In the second hour and a half, actors work on scenes and monologues which can be from any Shakespeare play. In fact they can be by any writer at all, so you can use the class to prepare any audition.
You should finish the cycle with at least one polished Shakespeare monologue.
In any cycle we always study the verse using one play--Richard II for Shakespeare or, for the first time ever, Three Sisters for Chekhov for this cycle--because Shakespeare used a different verse style for each play, matching the verse to the content. So we'll also have to discuss the content, and such things as character, intention, subtext, even (horrors!) meaning.
You may (I hope!) wind up with a better knowledge of what the plays are about, which won't hurt you. But mostly this class is meant to teach you how to prepare a Shakespearean audition, and how to prepare the part when you get cast. Most competent teachers are concerned that their students shall be commercial successes, and I hope I am competent.
If you would like more information, please call me at (212) 865-1127.
If you leave your phone number, I'll be glad to call you back, and you can ask me any questions you have (e.g., does the instructor have horns and a tail?--because obviously that picture has been retouched). You can also E-mail me; see below. When you come to class, please do not pull my tail.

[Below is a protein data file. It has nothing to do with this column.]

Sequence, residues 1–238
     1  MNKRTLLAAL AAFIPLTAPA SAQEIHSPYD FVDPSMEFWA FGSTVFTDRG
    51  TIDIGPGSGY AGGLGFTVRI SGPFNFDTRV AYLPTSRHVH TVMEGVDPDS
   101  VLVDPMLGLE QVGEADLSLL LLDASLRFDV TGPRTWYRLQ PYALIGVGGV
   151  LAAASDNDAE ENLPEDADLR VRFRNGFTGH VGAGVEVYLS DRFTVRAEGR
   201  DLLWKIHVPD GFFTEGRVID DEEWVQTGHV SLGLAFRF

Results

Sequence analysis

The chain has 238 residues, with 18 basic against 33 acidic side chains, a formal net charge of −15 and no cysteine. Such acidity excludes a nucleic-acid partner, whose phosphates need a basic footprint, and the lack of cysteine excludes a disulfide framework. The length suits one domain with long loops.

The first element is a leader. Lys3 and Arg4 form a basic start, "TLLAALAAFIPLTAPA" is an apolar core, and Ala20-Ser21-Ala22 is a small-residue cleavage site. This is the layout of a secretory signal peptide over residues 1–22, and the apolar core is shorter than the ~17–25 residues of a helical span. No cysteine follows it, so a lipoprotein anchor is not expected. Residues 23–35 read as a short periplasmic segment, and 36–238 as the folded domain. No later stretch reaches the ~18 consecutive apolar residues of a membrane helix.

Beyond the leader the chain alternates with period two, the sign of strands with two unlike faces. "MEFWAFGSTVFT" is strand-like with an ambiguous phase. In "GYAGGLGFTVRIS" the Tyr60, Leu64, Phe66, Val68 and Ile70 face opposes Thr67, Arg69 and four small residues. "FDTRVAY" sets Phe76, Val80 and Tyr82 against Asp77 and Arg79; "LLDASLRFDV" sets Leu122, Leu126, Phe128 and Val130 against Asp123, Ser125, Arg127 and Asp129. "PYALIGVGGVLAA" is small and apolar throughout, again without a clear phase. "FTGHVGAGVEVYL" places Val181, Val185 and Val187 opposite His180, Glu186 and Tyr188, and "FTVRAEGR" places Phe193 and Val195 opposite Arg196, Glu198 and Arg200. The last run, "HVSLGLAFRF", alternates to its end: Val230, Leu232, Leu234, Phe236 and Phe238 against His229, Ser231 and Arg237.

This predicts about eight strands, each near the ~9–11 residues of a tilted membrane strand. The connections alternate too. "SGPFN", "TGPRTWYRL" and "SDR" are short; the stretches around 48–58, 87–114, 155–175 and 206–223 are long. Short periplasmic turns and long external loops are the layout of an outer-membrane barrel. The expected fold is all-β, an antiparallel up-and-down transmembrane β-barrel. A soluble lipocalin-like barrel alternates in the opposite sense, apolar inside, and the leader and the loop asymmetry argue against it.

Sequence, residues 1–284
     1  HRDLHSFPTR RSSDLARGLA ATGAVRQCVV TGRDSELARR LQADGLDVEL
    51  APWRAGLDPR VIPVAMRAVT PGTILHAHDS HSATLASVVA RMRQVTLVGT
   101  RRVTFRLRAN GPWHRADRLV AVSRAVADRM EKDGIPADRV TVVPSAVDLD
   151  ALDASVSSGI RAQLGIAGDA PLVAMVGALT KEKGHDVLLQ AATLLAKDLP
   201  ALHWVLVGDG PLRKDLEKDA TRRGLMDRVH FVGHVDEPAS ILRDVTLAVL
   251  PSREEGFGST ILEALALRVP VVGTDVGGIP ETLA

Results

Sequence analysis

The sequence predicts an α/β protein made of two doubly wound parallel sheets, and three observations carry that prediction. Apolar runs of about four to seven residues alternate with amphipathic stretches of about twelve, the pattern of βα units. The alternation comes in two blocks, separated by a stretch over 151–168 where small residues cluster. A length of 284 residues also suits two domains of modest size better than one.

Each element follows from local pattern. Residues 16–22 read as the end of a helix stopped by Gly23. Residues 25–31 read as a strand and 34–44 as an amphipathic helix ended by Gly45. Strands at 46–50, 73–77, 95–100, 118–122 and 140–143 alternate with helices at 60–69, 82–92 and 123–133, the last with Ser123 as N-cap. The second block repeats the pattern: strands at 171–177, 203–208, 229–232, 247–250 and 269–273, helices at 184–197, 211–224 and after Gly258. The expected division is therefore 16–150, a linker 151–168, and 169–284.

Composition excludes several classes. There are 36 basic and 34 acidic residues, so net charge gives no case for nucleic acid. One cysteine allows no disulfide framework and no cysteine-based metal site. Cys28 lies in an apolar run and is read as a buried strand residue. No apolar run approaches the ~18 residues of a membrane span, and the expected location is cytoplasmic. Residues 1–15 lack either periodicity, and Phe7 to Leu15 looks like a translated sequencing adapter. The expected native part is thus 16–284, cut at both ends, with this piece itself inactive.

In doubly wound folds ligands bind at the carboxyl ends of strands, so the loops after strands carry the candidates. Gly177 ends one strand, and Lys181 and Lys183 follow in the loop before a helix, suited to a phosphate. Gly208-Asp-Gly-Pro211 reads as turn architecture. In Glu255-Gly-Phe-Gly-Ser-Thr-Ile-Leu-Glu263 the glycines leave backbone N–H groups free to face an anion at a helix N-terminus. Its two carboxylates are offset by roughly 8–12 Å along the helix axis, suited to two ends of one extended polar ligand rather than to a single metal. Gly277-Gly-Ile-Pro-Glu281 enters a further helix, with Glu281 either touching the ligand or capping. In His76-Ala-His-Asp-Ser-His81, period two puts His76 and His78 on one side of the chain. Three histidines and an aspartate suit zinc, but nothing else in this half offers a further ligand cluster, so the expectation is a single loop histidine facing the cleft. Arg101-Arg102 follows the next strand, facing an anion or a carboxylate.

I also coach privately, not just Shakespeare, any monologue. For more information
about any of the above see rates, or please call (212) 865-1127 or
E-mail me at email@example.com
Thank you for your interest.
"Telling the truth is easy and pleasant," says Yeshua (Jesus) in Bulgakov's THE MASTER AND MARGARITA. So here's the truth about Karen Kohlhaas. I went out to dinner with a friend and his protégée very recently. This actress has used up all the opportunities in her home state--she had a lengthy and impressive résumé--and she wants to come to the big city, and I was invited to advise her. The one class which I told her was essential
was Karen's monologue class. Karen teaches you a way of approaching a monologue audition that is incredibly solid and reliable. You will never walk into an audition not knowing how to present yourself. Karen and I frequently work with the same students (though we don't teach the same stuff), and I make sure that any student who has had Karen's classes follows Karen's procedures. It's not like a Procrustean bed
; it's simple, logical and reliable, like making sure your shoes are tied. If you click on her picture, you can find her impressive credentials in her bio.